A couple months ago I wrote about the successful long-term partnership between Anheuser-Busch and NASCAR driver and Busch brand ambassador Kevin Harvick.

Kevin is uniquely positioned to understand the relationship and the work involved from both sides; he's an experienced celebrity endorser and is the co-founder (with his wife, Delana) of KHI Management, a full-service sports and celebrity marketing agency.

(Yep: Kevin's a race car driver and an entrepreneur; if you're looking for a driver to root for, he just might be your guy.)

The night before this year's Daytona 500, Busch Beer and Kevin threw a party for 500 fans, culminating the months-long '500 to the 500' promotion in which fans searched for specially marked checkered-flag Busch Beer cans in packs of Busch or Busch Light, took a photo or video celebrating as if they were in victory lane with the can, and shared those images on Instagram and Twitter.

250 entries, plus a person of their choosing, won an all-inclusive trip to the Daytona 500 race weekend... and some quality time on Saturday night with their new best friend, Kevin Harvick.

Sounds great in theory, right? But when I hear about promotional events like this, I often wonder how they turn out in practice. 

So I decided to find out, and tracked down Lucas Bauer, one of the winners of the '500 to the 500.' 

"My twin brother Jacob actually found the '500 to the 500' can," Lucas said. "I submitted an entry and shortly after the new year Busch sent me a Twitter message to let me know I was a winner."

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"Things got exciting really quickly," he laughed.

Oddly enough, Lucas is a Chase Elliott fan; his brother is the Harvick fan. So naturally Lucas invited Jacob along as his plus-one.  They received airline tickets and an itinerary, flew to Orlando where a driver met them to take them to the hotel, received some "nice Busch swag," and went to the Saturday night party.

"They didn't tell us Kevin would be there," Lucas says. "Even though I wondered, I didn't actually didn't think he would come since Daytona is an hour away from Orlando. And then he walked in. It was a real surprise. We all got to meet him, we all got a special edition signed hat... it was really cool."

The next day the group took charter buses to the track, enjoyed a private tailgate section in the midway, got passes to tour the infield and pits, were near the stage for the pre-race concert and then the driver introductions...

"They pulled out all the stops," Lucas says. "Everything was planned to a 'T.'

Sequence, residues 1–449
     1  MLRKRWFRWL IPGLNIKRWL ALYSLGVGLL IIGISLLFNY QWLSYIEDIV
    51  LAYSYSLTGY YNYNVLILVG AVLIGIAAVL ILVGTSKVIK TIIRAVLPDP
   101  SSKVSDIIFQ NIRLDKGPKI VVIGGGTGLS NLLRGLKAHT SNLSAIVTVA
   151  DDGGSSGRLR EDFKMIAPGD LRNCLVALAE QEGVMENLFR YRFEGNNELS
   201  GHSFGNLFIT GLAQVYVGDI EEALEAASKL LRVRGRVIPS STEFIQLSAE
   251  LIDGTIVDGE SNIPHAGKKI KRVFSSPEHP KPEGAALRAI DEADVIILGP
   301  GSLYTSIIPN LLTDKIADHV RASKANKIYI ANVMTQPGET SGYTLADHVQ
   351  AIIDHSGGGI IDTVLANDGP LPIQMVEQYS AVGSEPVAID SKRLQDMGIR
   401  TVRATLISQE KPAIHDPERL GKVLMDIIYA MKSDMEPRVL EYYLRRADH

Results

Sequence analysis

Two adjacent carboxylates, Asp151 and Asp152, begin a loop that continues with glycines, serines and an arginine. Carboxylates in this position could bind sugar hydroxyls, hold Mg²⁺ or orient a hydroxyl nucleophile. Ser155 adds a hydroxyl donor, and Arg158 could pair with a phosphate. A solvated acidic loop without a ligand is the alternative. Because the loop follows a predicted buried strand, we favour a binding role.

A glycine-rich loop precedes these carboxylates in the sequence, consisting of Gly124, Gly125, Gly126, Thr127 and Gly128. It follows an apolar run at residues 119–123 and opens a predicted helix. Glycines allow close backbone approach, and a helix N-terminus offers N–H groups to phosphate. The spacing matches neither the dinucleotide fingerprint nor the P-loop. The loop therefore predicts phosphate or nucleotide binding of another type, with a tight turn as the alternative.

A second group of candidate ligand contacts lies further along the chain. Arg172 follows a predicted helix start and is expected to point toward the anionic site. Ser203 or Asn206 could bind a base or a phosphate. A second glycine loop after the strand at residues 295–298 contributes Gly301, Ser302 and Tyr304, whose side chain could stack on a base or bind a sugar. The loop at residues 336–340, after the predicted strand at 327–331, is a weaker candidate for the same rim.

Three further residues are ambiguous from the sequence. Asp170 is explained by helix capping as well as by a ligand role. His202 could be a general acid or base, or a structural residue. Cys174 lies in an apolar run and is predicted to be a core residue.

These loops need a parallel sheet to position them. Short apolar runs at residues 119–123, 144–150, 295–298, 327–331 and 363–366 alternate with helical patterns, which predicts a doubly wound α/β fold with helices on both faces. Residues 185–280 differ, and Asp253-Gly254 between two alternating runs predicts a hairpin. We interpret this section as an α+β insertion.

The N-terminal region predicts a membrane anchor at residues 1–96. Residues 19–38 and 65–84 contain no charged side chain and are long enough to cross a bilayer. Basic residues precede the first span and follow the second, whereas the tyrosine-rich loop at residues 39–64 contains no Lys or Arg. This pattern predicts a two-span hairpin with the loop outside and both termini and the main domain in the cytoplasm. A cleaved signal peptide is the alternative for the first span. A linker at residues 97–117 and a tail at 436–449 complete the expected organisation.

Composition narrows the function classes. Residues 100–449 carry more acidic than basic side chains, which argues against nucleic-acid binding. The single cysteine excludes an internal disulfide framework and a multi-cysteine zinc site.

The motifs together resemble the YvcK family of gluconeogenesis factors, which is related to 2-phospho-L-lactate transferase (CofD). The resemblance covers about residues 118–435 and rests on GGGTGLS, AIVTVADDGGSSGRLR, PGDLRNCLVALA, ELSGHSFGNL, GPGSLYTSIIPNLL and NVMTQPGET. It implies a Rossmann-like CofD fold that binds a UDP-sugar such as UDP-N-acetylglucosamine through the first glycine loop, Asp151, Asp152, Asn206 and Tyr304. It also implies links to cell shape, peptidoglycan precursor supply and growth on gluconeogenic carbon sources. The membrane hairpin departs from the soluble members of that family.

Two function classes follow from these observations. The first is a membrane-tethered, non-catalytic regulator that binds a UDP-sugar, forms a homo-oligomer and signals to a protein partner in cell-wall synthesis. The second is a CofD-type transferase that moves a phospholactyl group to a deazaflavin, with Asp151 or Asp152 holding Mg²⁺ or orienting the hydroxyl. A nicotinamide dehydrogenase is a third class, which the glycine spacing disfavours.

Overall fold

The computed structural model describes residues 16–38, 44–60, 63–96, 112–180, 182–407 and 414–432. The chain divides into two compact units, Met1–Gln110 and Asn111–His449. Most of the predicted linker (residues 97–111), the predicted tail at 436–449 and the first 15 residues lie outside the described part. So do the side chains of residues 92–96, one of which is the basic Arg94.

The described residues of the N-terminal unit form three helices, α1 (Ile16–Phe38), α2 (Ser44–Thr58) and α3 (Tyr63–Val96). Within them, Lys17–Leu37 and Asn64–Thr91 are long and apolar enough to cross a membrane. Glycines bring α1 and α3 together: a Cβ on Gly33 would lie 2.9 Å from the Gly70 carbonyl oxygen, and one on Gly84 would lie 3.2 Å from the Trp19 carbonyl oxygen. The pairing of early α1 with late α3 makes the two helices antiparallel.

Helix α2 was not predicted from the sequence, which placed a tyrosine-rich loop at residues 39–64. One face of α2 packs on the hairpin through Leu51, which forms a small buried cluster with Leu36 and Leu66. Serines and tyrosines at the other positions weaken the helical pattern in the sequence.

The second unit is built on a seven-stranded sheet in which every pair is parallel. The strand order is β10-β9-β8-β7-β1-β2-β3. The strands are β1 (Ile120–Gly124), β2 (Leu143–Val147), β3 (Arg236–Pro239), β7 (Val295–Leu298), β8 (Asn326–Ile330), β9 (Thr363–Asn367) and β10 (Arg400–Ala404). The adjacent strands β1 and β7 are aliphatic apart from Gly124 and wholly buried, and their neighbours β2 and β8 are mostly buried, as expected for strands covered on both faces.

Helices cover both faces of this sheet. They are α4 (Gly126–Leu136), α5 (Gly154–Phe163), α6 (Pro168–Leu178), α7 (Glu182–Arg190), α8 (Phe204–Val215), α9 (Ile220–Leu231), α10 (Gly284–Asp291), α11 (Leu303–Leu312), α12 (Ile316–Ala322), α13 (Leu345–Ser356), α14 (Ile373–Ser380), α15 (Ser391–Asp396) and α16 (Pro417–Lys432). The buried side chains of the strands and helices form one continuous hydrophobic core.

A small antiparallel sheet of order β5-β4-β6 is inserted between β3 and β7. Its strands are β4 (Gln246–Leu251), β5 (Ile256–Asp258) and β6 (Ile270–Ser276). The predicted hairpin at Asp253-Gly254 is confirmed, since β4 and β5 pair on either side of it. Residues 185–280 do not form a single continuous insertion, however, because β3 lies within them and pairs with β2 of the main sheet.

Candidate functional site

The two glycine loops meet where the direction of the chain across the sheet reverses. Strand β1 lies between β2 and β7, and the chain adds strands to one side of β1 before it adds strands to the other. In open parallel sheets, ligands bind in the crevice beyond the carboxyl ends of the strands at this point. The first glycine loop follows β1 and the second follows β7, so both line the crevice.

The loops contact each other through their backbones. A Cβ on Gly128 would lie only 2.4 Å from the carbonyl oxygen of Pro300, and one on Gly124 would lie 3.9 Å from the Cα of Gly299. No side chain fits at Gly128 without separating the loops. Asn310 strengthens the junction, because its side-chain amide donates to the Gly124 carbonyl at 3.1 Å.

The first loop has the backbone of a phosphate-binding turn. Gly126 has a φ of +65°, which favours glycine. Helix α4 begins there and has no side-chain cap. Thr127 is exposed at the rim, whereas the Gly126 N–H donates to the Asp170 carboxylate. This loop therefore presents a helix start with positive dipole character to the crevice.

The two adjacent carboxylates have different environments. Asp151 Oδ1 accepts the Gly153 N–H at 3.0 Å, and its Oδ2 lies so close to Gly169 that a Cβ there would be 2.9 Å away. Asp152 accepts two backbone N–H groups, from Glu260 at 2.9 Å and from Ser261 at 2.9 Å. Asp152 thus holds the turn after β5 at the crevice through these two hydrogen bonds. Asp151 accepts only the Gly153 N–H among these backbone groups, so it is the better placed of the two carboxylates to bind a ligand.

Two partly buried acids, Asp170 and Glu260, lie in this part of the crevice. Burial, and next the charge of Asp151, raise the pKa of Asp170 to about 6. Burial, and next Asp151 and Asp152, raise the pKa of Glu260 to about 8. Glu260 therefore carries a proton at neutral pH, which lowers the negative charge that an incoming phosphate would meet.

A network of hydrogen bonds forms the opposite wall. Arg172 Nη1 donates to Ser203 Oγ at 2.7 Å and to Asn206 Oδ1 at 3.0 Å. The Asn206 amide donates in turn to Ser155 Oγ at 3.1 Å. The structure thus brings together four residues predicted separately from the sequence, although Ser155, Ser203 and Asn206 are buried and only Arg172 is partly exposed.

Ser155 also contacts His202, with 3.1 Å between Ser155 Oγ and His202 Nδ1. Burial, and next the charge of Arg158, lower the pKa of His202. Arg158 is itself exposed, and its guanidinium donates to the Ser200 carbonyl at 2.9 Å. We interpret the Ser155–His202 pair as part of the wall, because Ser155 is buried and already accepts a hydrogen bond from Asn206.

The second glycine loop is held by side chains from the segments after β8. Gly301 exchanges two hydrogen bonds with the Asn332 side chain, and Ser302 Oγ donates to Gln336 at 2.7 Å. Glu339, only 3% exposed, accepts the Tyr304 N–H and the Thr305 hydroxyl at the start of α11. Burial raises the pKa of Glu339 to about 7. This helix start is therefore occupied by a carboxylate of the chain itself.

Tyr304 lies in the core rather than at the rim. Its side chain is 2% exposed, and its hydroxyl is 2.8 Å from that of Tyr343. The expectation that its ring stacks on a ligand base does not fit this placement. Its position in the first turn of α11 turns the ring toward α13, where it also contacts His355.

"And that was the first time I've met a driver face-to-face. It was a surreal experience after seeing Kevin on TV for all these years. And you can't imagine how excited my brother was since he's a big Harvick fan. NASCAR does a a good job of letting fans interact with the drivers, but this went way beyond that. Now we're spoiled. If we go to another race, we definitely want Busch to send us," Lucas says, laughing.

From a fan perspective the promotion definitely delivered on its promise. But Busch also decided to run its biggest NASCAR-based promotion at the season's very first race.

Front-loaded marketing is an interesting decision. So I asked about that, too.

"Racing is a big focus for the brand," says Daniel Blake, Senior Director of U.S. Value Brands for Anheuser-Busch. "The Daytona 500 is the biggest race, so there's no better way to start the season than with our biggest promotion.

"The Daytona 500 is a big part of the brand's history, so putting a big bet on the biggest event in racing was an easy decision."

Of course measuring the results of a promotional event like '500 to the 500' is tougher than analyzing traditional sales and marketing campaigns.

"Obviously we measure traditional metrics like volume sales, impressions, buzz... but with a program like this, it's more intangible," Daniel says. "With '500 to the 500,' it's about creating meaningful connections with core customers of the brand at a touch point that really means a lot to them. Many were lifelong racing fans that had never been to Daytona.

"Being able to meet people, talk to them, find out where they're from, actually connect... that goes beyond traditional marketing. We wanted them to enjoy the experience, but it was really cool for us as a company, too."

That's also true from Kevin's perspective. 

"The Busch Beer team took the fan experience to another level with the Busch '500 Fans to the Daytona 500' experience," Kevin told me. "They basically had 250 grand prize winner and a friend go to the biggest race of the year for the time of their lives.

"For me it was fun just for the fact that I got to meet so many fans the day before the Daytona 500. We got to shake hands, take pictures and just talk for a couple minutes with each person away from the racetrack. Rarely do we get to have that kind of interaction before any race, let alone the Daytona 500, so that really made it something special for everyone involved."

Add all those components up and you have the real key to pulling off a great promotional event. The initial idea -- and the brand awareness and social buzz you generate -- are important, but then execution must be spot-on. The program has to address your goals... but more importantly, it has to work for your customers.

And it has to work for everyone else involved, including your partners and influencers.

Do all those things and your promotional events can genuinely connect with your customers... and also be a source of pride for your employees and partners.